Creating a safe environment for children

The child abuse and exploitation occur in most countries and communities. It’s still difficult to define it as a global phenomenon due to cultural, religious, social, political, legal and economic differences experienced by children. What is considered a violation in one part of the world might be acceptable elsewhere.
Childhood is a stage where humans are more at risk because they have not finished physical or mental development. Violence against children may therefore be defined as the deliberate use of force against children, beatings or torture, as well as subjecting the child to medical or psychological neglect, or even ignoring his basic needs in life. Physical harassment is violence. This concept also affects the psychological aspect of children as much as cursing them or describing them with the ugliest descriptions.
To protect children from violence is in fact to protect children from exposure to any manifestations and forms of violence, and to work to address incidents of violence as they occur.
Gloomily, in 2017 the WHO estimated that up to 1 billion minors between the ages of 2 and 17 years of age have endured violence physical, emotional, or sexual. Sexual abuse (from groping to rape), according to some UNICEF estimates from 2014, affected over 120 million children, representing the highest number of victims.
In addition, according to UNICEF 2017 data for 28 countries, out of 10 adolescents who reported forced relations, nine revealed that they were victims of someone they knew or were close to the family. What I would to indicate here is that, the house is not the only theatre of violence, as such schools and the sports world, are also environments where physical assault can occur.
It’s not always easy to recognize when a child has been abused. Children who are abused are often afraid to complain because they are fearful that they will be blamed or that no one will believe them. As such, parents should watch for unexplained changes in a child’s body or behaviour. For instance, parents should be alert to changes or a sign that carries physical abuse (injuries cannot be explained), abuse (nightmares, unusual fear, abdominal pain, behaviour that seems inappropriate for the child’s age), in addition to signs of emotional abuse or neglect.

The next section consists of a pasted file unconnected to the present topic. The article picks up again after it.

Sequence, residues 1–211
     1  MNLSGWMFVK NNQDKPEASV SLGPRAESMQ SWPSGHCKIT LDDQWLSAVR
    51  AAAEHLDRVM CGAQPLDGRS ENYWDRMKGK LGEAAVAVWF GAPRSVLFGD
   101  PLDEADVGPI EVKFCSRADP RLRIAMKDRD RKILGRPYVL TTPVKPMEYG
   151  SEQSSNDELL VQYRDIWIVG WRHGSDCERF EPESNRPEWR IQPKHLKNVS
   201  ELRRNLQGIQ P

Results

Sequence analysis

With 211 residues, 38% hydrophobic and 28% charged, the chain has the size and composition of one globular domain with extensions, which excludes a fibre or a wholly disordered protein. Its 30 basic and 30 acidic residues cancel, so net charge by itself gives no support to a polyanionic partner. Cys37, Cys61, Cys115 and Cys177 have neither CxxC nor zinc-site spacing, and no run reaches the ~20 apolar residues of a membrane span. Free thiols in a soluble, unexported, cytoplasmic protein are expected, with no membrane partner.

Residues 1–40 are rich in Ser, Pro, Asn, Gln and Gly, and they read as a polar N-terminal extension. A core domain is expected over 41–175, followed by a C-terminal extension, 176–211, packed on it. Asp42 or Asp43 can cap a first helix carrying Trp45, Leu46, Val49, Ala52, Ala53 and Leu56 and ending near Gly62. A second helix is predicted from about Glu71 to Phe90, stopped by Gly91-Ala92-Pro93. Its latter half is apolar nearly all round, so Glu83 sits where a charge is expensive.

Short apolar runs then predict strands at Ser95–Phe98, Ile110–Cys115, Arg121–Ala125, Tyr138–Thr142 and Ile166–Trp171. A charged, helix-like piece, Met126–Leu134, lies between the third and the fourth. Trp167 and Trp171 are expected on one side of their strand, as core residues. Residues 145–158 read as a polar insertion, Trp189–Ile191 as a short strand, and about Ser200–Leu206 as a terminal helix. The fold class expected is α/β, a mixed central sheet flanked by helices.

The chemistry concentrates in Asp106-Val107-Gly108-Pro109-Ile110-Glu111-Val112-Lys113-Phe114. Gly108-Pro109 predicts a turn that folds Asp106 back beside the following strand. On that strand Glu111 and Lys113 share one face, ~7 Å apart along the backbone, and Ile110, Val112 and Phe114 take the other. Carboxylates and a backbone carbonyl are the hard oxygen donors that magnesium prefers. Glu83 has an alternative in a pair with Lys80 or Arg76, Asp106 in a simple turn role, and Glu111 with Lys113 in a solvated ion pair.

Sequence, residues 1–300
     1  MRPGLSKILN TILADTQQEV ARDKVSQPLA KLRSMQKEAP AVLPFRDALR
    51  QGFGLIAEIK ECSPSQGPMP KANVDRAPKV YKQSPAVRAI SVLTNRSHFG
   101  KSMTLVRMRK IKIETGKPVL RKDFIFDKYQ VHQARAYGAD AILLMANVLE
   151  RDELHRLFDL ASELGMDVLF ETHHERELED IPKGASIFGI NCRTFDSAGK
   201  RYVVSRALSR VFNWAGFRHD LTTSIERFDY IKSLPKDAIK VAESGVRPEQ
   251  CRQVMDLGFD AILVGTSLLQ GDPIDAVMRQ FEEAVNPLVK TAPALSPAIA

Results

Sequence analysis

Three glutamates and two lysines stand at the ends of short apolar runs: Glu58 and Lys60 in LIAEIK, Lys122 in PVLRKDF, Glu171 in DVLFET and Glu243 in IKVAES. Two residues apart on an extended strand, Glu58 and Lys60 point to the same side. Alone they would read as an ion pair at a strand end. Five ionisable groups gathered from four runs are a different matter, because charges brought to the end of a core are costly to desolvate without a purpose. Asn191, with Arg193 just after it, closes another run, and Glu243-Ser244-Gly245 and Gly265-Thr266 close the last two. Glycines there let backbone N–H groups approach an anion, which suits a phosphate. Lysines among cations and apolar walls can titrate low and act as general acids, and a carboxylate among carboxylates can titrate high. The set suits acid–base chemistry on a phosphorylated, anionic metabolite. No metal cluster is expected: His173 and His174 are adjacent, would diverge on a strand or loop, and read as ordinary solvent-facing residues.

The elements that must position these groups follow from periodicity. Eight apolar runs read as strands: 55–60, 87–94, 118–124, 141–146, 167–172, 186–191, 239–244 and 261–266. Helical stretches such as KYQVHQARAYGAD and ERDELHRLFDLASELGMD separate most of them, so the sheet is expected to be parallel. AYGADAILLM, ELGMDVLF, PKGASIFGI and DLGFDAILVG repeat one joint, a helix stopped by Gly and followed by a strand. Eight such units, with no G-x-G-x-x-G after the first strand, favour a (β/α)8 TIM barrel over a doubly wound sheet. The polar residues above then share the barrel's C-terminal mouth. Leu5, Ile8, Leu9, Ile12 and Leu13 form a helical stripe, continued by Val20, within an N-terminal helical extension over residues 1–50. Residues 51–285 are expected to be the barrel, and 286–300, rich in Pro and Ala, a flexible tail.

However, child protection must be ensured by the parents and the community which surround them, and then by the government. Of course, the well being of each child cannot be obtained in the same way. We do need to raise awareness among members of the community, especially mothers and the family must also be aware of how to deal properly with children.
When a child makes a mistake, he should not be subjected to beatings or cursing, but should replace that method with understanding and teaching him the correct way to behave in different situations that he experiences during his developmental stages. Also, the tone of the adult with their children should be devoid of command or control, in addition to not using the threat, because it reduces the child’s self-confidence, and makes him hate his parents.
It is important to know that it is not enough to spread awareness among members of society, as some consider protecting the child from violence, or minimizing its occurrence, does not fall within its individual responsibility. Therefore, it is imperative that laws be enacted to regulate the conduct of individuals towards children and protect their rights contained or stipulated in the constitutions in force.
We need to ensure children enjoy full rights and keep the ongoing forums open to discuss child abuse through clear communication, as this definitely will end with positive and critical response. It is also necessary to effectively address the issue of child protection and well-being in order to create a safe environment for children.

Dr Yousuf Ali al Mulla, MD, Ministry of Health, is a medical innovator and educator. For any queries regarding the content of the column he can be contacted at: dryusufalmulla@gmail.com